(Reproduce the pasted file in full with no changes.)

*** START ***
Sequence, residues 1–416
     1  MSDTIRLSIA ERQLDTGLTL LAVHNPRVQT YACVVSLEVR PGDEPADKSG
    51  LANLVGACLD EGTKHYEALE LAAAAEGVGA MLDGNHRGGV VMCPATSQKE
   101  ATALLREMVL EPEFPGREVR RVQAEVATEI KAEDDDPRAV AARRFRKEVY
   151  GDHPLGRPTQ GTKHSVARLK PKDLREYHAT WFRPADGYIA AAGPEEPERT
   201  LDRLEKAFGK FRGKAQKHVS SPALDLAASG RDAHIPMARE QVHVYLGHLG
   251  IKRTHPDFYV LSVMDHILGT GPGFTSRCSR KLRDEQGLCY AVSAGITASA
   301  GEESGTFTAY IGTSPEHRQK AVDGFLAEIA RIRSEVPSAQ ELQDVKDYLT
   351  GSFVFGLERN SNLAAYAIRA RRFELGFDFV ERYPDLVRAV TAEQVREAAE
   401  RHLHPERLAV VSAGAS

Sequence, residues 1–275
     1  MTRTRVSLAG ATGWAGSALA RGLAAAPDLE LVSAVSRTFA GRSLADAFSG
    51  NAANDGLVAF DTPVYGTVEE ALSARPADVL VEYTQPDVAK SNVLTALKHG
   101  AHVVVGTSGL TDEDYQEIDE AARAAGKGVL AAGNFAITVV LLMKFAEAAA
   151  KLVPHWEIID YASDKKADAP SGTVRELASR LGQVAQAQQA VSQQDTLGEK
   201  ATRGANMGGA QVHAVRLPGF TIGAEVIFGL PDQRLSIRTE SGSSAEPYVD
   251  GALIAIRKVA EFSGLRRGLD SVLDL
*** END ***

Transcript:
Sequence, residues 1–416
     1  MSDTIRLSIA ERQLDTGLTL LAVHNPRVQT YACVVSLEVR PGDEPADKSG
    51  LANLVGACLD EGTKHYEALE LAAAAEGVGA MLDGNHRGGV VMCPATSQKE
   101  ATALLREMVL EPEFPGREVR RVQAEVATEI KAEDDDPRAV AARRFRKEVY
   151  GDHPLGRPTQ GTKHSVARLK PKDLREYHAT WFRPADGYIA AAGPEEPERT
   201  LDRLEKAFGK FRGKAQKHVS SPALDLAASG RDAHIPMARE QVHVYLGHLG
   251  IKRTHPDFYV LSVMDHILGT GPGFTSRCSR KLRDEQGLCY AVSAGITASA
   301  GEESGTFTAY IGTSPEHRQK AVDGFLAEIA RIRSEVPSAQ ELQDVKDYLT
   351  GSFVFGLERN SNLAAYAIRA RRFELGFDFV ERYPDLVRAV TAEQVREAAE
   401  RHLHPERLAV VSAGAS

Sequence, residues 1–275
     1  MTRTRVSLAG ATGWAGSALA RGLAAAPDLE LVSAVSRTFA GRSLADAFSG
    51  NAANDGLVAF DTPVYGTVEE ALSARPADVL VEYTQPDVAK SNVLTALKHG
   101  AHVVVGTSGL TDEDYQEIDE AARAAGKGVL AAGNFAITVV LLMKFAEAAA
   151  KLVPHWEIID YASDKKADAP SGTVRELASR LGQVAQAQQA VSQQDTLGEK
   201  ATRGANMGGA QVHAVRLPGF TIGAEVIFGL PDQRLSIRTE SGSSAEPYVD
   251  GALIAIRKVA EFSGLRRGLD SVLDL